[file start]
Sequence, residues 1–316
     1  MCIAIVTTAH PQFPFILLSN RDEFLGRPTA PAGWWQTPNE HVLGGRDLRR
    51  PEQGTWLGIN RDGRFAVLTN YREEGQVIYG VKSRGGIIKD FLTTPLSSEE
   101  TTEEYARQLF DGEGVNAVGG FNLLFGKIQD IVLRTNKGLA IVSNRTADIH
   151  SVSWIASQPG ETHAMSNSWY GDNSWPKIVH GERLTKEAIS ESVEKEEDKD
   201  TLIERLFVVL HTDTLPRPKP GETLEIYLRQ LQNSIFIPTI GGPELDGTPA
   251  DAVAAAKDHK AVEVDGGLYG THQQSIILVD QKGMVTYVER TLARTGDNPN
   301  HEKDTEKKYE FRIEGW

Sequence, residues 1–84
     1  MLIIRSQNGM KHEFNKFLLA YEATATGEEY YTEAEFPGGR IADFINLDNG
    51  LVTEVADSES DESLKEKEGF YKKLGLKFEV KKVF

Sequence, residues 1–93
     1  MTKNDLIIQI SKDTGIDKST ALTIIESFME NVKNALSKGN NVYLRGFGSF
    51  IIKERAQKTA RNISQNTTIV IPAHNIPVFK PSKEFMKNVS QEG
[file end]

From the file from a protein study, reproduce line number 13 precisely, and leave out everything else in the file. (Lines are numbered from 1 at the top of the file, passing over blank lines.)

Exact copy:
     1  MTKNDLIIQI SKDTGIDKST ALTIIESFME NVKNALSKGN NVYLRGFGSF